It's tough to predict where a tech company will be in five years. But Nicola Mendelsohn, vice president for Facebook EMEA (Europe, the Middle East, and Africa) gave it a shot.
Mendelsohn made a bold prediction during Fortune's Most Powerful Women International Summit in London: Facebook will soon be "definitely mobile," and "probably all video."
The company is already seeing a year-over-year decline on text and an increase in pictures and video, she told the magazine's assistant managing editor, Pattie Sellers.
"So, I think, yeah, if I was having a bet, I would say: video, video, video," Mendelsohn said.
Video has exploded on Facebook in the last year or so, and the social network dove head-first into it with the December launch of Live Video, which allows users to broadcast clips from their phone to the social network in real time. The Periscope-like program rolled out to all iPhone users in January.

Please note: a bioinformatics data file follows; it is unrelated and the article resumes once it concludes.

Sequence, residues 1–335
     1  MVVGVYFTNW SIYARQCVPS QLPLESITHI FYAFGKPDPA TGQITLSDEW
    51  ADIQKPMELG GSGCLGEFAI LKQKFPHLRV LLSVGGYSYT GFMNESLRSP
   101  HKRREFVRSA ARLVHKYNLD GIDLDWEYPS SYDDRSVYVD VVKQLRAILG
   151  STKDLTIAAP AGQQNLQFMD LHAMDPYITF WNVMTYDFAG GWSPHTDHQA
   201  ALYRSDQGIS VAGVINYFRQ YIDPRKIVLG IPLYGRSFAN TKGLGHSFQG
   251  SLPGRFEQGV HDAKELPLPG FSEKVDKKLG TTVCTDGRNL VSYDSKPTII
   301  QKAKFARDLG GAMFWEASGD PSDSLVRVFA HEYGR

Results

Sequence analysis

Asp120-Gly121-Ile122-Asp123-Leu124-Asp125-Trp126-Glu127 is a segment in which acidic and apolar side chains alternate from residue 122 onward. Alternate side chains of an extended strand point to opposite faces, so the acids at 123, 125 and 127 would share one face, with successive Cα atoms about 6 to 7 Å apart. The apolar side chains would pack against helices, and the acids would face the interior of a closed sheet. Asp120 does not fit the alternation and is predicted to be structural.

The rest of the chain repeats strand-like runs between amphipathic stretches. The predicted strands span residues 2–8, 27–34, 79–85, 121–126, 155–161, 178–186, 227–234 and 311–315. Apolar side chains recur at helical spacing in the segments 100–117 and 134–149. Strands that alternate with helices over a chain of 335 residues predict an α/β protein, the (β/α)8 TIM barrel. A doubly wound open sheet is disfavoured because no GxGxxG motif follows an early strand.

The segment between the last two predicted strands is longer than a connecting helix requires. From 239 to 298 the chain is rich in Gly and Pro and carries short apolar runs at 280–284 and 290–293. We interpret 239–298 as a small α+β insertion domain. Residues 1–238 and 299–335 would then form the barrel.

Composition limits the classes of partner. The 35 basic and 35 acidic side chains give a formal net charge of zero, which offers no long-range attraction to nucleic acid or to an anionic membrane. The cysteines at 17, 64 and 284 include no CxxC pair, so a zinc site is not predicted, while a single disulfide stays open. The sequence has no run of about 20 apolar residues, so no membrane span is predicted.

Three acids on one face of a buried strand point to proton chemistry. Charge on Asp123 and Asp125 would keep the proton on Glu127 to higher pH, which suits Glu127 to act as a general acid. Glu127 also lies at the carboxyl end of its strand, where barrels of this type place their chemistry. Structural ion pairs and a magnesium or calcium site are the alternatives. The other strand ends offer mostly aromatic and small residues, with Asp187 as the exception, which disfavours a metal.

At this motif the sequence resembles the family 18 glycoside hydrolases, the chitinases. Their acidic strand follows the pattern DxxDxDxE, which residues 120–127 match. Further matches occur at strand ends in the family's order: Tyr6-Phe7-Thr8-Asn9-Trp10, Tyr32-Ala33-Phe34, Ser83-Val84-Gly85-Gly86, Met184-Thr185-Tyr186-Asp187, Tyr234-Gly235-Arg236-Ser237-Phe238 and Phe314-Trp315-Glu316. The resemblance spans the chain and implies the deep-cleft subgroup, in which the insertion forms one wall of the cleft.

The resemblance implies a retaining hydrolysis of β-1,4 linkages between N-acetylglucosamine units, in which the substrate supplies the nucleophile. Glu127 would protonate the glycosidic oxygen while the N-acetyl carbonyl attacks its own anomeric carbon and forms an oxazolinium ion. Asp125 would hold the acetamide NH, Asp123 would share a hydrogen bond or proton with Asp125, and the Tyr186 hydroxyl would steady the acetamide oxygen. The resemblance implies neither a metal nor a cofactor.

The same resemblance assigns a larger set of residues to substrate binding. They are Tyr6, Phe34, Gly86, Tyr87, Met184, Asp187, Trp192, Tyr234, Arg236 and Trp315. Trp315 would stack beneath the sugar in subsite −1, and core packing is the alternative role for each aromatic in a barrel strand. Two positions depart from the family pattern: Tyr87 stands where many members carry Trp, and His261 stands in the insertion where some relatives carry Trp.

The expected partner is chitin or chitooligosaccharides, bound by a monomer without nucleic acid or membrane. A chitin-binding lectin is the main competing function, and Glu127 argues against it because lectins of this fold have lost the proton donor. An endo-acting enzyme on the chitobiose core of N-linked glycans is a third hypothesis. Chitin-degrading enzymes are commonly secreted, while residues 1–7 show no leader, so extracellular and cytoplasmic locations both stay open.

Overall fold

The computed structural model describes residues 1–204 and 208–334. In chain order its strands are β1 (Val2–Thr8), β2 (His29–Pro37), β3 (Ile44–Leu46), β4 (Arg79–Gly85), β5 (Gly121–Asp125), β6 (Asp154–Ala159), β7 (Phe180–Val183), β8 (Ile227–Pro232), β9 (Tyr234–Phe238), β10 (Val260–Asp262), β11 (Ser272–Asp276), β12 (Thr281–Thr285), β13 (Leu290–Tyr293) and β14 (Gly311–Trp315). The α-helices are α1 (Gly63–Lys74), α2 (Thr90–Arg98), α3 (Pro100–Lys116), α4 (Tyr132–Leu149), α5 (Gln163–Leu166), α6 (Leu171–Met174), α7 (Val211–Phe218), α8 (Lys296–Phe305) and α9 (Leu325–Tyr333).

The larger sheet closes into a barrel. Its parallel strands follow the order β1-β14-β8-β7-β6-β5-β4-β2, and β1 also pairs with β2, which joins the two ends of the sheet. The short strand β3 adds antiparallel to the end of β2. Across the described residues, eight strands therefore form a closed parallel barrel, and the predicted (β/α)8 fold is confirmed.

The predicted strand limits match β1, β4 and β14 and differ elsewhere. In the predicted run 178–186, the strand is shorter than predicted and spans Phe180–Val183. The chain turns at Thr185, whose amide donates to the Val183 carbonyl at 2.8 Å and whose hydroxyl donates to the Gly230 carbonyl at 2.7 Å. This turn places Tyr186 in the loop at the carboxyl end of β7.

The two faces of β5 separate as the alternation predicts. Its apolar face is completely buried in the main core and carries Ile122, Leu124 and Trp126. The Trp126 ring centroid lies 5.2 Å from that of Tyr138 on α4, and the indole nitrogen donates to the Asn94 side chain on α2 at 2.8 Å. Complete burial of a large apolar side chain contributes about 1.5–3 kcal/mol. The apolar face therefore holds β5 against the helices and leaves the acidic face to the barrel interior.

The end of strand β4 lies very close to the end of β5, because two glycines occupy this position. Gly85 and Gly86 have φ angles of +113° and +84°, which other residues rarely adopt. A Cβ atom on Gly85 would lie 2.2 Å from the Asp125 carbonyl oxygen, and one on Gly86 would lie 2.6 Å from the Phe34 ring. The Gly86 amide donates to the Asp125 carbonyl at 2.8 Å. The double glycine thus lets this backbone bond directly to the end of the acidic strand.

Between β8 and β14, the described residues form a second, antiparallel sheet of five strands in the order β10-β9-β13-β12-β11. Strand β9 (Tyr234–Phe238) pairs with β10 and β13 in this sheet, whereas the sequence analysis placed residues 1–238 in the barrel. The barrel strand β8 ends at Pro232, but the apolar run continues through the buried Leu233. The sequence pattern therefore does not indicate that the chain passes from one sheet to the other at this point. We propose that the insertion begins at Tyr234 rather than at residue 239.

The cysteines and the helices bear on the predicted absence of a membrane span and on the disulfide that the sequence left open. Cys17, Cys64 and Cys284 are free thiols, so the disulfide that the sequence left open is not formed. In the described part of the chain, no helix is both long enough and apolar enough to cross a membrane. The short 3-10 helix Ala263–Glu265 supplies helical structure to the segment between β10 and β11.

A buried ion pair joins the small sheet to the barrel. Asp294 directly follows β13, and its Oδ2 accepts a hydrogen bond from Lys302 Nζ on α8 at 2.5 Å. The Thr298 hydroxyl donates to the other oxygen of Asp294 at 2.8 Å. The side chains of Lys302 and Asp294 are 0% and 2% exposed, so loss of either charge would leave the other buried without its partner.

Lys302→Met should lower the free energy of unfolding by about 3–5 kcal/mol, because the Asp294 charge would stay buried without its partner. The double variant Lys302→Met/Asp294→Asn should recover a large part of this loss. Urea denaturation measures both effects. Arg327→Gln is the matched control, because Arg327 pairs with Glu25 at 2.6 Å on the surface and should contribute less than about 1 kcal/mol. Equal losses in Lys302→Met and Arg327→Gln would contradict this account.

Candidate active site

The company recently beefed up its service by adding the ability to go live in Facebook groups and events, add filters, and post varied reactions as a viewer. Last month, reports tipped upcoming changes, including the option to skip ahead to the good parts of recorded videos and live stream for hours on end.
There's no telling what an all-video Facebook could look like in the future. But it will "certainly be more immersive," Mendelsohn said, tipping virtual reality and the new 360-degree images, which will "feel very commonplace."
In an era of storytelling, the executive called video "the best way to tell stories in this world, where so much information is coming at us."
Information like what time Mark Zuckerberg wakes up in the morning (6 a.m., courtesy of baby Max) and what Jerry Seinfeld eats for breakfast (three eggs).
During his first Live Q&A on Tuesday, the Facebook chief invited the actor—who was at Facebook's Menlo Park office to test the Oculus Rift and screen season eight of his show, Comedians In Cars Getting Coffee—for a real-time conversation with viewers. Just imagine: Awkward discussions about running, block parties, and meditation could be the future of your News Feed.